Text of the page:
Polar Vortex Post Mortem
Electricity suppliers are still analyzing the 2013-2014 winter ‘Polar Vortex’ in the Northeast US, which caused energy prices to spike.
According to a white paper issued by ConEdison Solutions, the most-powerful contributors to the high prices were pipeline constraints that elevated the cost of transporting natural gas to electric generators in the Northeast and Mid-Atlantic. In addition, spikes in demand exacerbated the impact. At one point in January, spot gas prices, which are a main driver of electricity prices, at a New England transmission connection reached 878 percent higher than the 12-month average.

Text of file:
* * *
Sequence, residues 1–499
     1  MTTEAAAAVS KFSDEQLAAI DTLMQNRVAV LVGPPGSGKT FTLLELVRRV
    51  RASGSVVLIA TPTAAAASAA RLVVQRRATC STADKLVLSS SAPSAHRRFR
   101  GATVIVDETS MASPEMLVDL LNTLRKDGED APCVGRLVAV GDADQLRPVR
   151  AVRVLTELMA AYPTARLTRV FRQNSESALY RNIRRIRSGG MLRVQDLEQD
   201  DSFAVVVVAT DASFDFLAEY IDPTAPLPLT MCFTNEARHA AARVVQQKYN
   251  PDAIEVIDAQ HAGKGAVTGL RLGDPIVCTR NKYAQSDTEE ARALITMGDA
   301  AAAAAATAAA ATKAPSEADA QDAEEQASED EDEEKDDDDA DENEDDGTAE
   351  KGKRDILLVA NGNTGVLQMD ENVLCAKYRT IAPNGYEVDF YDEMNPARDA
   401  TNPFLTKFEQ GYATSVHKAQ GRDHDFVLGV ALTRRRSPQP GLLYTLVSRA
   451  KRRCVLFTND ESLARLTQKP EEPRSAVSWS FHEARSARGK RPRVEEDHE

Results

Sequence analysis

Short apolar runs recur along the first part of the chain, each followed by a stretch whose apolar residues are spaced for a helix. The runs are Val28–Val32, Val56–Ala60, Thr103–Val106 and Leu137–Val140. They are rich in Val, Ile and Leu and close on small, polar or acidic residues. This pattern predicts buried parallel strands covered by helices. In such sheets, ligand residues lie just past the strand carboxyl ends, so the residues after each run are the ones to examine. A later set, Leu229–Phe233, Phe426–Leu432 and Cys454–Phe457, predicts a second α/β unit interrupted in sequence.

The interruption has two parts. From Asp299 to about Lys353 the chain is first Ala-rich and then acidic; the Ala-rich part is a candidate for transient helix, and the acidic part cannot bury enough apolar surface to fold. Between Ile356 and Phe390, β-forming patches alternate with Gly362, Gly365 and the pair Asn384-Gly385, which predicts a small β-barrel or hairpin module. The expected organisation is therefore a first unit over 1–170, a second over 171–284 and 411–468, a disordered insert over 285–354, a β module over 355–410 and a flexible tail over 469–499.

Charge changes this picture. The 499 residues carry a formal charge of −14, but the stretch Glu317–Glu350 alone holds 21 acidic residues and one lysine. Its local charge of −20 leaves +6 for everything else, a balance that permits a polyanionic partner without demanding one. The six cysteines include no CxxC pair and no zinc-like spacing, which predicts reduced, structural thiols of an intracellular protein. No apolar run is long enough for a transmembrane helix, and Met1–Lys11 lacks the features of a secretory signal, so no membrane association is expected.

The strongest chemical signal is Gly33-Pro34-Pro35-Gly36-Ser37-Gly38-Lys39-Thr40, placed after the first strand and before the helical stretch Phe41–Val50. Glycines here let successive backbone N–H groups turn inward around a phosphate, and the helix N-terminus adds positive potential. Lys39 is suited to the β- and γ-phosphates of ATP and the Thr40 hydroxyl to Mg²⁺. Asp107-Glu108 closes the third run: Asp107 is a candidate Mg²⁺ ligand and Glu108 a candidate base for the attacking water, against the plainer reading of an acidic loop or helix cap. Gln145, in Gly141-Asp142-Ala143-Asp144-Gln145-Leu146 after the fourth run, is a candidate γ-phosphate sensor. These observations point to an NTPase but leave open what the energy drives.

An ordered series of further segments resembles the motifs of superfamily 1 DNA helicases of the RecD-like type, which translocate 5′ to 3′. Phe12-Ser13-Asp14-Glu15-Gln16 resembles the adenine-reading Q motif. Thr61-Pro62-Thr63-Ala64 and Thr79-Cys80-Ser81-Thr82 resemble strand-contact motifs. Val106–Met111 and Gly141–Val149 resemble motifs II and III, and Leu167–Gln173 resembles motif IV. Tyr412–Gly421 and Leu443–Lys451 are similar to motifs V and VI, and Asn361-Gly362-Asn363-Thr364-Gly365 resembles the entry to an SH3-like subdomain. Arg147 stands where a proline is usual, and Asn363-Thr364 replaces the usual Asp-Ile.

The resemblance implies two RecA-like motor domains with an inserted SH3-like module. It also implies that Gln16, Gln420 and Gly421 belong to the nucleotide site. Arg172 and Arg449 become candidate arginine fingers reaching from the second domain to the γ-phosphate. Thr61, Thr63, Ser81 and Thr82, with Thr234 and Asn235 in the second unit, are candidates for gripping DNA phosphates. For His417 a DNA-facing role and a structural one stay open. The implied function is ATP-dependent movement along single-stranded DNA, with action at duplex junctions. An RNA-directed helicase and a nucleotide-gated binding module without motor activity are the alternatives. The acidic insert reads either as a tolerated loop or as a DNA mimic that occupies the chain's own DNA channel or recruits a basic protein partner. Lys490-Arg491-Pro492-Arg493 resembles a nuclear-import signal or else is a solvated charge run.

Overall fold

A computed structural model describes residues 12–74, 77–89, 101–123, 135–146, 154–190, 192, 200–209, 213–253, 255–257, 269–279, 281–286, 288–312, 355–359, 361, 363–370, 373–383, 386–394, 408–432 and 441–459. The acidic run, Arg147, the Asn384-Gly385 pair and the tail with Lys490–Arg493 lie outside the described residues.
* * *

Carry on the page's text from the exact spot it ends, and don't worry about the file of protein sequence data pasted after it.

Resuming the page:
Customers who had locked in to “true” fixed-price contracts experienced no impact to their unit price, says ConEdison Solutions. In contrast, users who had purchased variable, market-based products, saw major increases in their bills last winter.
In addition, a few suppliers, having failed to purchase product beforehand in a way that would allow them to sustain the fixed prices they had offered, went out of business when record-setting wintertime costs took hold, leaving their customers to seek utility default service at market prices.
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